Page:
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By Nathaniel Weixel
Jan. 11 — Congressional outrage over rising drug prices continued Jan. 11 as more than 50 House Democrats called on the NIH to use its authority to license certain drug company patents to third parties.
In a letter spearheaded by Rep. Lloyd Doggett (D-Texas), the lawmakers said the National Institutes of Health has a congressional mandate to use so-called march-in rights for licensing patents that are based on government funded research. The members in the letter said the NIH should issue guidelines on when march-in rights would apply.
“Reasonable guidelines can discourage price gouging,” the letter said.
But the Biotechnology Innovation Organization (BIO) said the NIH's resources should be better spent elsewhere, and march-in authority wouldn't be in the best interests of patients.
The letter was sent by members of the Affordable Drug Pricing Task Force, formed by House Democrats in November in response to the growing controversy over prescription drug pricing from companies like Valeant Pharmaceuticals International Inc. and Turing Pharmaceuticals AG. It was also sent to the Department of Health and Human Services.
The lawmakers said the NIH has the authority to exercise march-in rights under a 1980 law. According to the lawmakers, the law empowers a federal agency funding private research to “march in” and issue patent licenses on its own when the holder of a patent that resulted from the research is not “reasonably” satisfying U.S. health or safety needs, or when the benefits of the patented product are “not available to the public on reasonable terms.”
“While NIH has appropriately referred to march-in rights as an ‘extraordinary remedy,’ too many families and providers are facing an extraordinary challenge from unreasonably priced pharmaceuticals,” the letter said. “In short, too many drugs are not ‘available to the public on reasonable terms.'”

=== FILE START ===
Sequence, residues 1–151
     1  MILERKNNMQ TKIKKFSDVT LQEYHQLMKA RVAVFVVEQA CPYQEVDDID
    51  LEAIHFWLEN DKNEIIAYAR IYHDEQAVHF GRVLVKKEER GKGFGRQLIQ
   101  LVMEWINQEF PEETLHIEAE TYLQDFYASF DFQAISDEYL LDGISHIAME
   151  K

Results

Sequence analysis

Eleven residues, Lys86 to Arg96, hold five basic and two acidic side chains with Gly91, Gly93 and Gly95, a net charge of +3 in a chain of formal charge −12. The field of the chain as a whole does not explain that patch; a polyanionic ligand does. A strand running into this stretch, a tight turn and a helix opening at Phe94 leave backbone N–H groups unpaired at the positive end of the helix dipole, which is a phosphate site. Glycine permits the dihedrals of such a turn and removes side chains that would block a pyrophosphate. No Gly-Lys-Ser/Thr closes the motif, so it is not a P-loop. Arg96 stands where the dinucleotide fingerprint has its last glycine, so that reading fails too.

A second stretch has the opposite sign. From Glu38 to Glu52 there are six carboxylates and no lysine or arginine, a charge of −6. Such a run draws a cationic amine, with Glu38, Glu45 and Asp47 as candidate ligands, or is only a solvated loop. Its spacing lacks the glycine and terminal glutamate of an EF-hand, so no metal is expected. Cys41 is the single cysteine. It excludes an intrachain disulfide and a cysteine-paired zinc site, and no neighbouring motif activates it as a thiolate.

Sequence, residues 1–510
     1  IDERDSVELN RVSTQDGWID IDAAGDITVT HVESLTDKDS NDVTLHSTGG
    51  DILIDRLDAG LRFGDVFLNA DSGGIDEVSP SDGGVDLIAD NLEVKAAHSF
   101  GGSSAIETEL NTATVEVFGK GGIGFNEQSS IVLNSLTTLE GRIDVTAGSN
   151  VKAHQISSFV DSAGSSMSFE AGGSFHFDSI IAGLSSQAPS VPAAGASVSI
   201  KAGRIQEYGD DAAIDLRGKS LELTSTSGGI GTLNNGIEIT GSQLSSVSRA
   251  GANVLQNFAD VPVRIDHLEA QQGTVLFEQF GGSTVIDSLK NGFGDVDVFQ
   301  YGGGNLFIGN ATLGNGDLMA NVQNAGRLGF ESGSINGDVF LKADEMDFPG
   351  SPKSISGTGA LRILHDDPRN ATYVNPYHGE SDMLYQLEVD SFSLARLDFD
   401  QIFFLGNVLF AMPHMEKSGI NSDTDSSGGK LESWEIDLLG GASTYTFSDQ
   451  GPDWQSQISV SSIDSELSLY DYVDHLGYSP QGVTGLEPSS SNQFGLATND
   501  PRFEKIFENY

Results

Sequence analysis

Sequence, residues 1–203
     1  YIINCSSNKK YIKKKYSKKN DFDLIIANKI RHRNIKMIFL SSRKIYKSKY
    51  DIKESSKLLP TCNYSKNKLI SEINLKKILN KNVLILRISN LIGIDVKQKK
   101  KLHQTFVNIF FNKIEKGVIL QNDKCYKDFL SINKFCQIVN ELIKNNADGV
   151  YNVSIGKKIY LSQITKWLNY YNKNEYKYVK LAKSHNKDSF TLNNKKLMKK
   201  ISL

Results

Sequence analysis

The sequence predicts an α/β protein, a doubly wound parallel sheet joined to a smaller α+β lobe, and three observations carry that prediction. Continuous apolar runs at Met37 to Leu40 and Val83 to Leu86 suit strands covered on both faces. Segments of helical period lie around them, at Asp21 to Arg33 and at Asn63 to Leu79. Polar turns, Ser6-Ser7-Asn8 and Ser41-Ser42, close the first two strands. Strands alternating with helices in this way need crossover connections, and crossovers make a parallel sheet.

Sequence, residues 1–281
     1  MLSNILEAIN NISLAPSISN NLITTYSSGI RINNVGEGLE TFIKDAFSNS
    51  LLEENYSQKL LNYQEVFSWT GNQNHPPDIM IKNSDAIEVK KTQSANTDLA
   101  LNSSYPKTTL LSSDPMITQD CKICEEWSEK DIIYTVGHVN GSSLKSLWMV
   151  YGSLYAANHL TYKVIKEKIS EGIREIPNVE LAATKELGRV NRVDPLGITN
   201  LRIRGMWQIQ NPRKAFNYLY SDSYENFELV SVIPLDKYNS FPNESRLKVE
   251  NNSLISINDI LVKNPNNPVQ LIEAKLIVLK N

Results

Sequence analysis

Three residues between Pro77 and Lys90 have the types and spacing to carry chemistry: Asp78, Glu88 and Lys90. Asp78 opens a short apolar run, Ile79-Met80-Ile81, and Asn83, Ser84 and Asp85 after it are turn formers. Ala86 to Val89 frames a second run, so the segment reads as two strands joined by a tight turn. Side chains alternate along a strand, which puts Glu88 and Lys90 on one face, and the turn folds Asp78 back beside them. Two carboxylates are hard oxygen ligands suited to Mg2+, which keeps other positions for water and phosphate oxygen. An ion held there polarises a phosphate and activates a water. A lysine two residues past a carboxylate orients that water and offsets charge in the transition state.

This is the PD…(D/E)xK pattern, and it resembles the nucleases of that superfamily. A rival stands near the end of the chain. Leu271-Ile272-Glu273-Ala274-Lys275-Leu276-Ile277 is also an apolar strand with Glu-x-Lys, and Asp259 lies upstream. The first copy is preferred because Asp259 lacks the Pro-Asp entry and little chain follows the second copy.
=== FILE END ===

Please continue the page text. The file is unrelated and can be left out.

“When drugs are developed with taxpayer funds, the government can and should act to bring relief from out-of-control drug pricing,” Doggett said in a statement. “Soaring drug costs are a widespread problem, not limited to one disease or treatment. There is a difference between earning a profit and profiteering. The administration should use every tool it has to rein in the practice of pricing a drug at whatever the sick, suffering, or dying will pay.”
According to the lawmakers, specialty drugs will account for only 2 percent of all prescriptions by 2020, but 30 percent of all federal drug spending. Specialty drugs are generally used to treat complex, chronic health conditions, such as rheumatoid arthritis, multiple sclerosis and cancer.
The lawmakers said march-in rights should only be used “when wrongdoing occurs” so “innovation should not be threatened.”
Lawmakers also criticized the NIH for declining to act in past situations where march-in rights were called for.
“The failure to act in the past has undoubtedly sent an unfortunate signal that prices for federally funded inventions can be set as high as a sick or dying customer will pay,” the lawmakers wrote.
The NIH told Bloomberg BNA Jan. 11 that it would respond directly to the lawmakers. The Pharmaceutical Research and Manufacturers of America declined to comment.
Trade group BIO said if the NIH acted, it would “disrupt the biopharmaceutical innovation ecosystem with intrusive government intervention.” Jeanne Haggerty, senior vice president of federal government relations, noted in a statement that NIH Director Francis Collins has in the past said march-in rights aren't an appropriate means of controlling prices of drugs broadly available to physicians and patients.
“Forcing the NIH to promulgate guidelines to police drug pricing by exercising its march-in authority would require NIH to divert resources into tasks it is not designed to do, and would also create tremendous uncertainty in the technology transfer process. This would significantly discourage private investment into federally federally-funded inventions, and fewer government inventions would become real-life products,” Haggerty said.
A representative of the Pharmaceutical Research and Manufacturers of America said that the “issues raised in the letter have been addressed before and NIH has concluded that the march-in rights approach would be inappropriate way to address health care costs.”
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